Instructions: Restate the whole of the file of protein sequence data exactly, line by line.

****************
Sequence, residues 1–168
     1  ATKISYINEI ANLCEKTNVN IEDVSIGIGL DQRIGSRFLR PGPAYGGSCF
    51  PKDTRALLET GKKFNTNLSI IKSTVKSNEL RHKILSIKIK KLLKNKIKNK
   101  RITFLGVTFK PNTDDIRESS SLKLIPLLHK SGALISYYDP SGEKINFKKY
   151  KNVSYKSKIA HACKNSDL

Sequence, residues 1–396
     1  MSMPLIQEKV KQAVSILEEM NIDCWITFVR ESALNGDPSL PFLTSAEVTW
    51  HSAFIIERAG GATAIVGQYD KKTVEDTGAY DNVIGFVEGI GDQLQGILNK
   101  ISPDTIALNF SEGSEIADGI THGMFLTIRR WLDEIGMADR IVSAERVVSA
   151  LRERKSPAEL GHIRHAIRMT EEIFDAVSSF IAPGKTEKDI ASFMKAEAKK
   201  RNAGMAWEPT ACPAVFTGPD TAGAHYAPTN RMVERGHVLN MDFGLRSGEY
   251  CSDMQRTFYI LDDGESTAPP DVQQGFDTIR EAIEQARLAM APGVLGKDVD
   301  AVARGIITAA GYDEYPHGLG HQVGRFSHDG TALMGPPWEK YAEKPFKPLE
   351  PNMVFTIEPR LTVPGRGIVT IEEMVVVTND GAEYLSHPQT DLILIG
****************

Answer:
Sequence, residues 1–168
     1  ATKISYINEI ANLCEKTNVN IEDVSIGIGL DQRIGSRFLR PGPAYGGSCF
    51  PKDTRALLET GKKFNTNLSI IKSTVKSNEL RHKILSIKIK KLLKNKIKNK
   101  RITFLGVTFK PNTDDIRESS SLKLIPLLHK SGALISYYDP SGEKINFKKY
   151  KNVSYKSKIA HACKNSDL

Sequence, residues 1–396
     1  MSMPLIQEKV KQAVSILEEM NIDCWITFVR ESALNGDPSL PFLTSAEVTW
    51  HSAFIIERAG GATAIVGQYD KKTVEDTGAY DNVIGFVEGI GDQLQGILNK
   101  ISPDTIALNF SEGSEIADGI THGMFLTIRR WLDEIGMADR IVSAERVVSA
   151  LRERKSPAEL GHIRHAIRMT EEIFDAVSSF IAPGKTEKDI ASFMKAEAKK
   201  RNAGMAWEPT ACPAVFTGPD TAGAHYAPTN RMVERGHVLN MDFGLRSGEY
   251  CSDMQRTFYI LDDGESTAPP DVQQGFDTIR EAIEQARLAM APGVLGKDVD
   301  AVARGIITAA GYDEYPHGLG HQVGRFSHDG TALMGPPWEK YAEKPFKPLE
   351  PNMVFTIEPR LTVPGRGIVT IEEMVVVTND GAEYLSHPQT DLILIG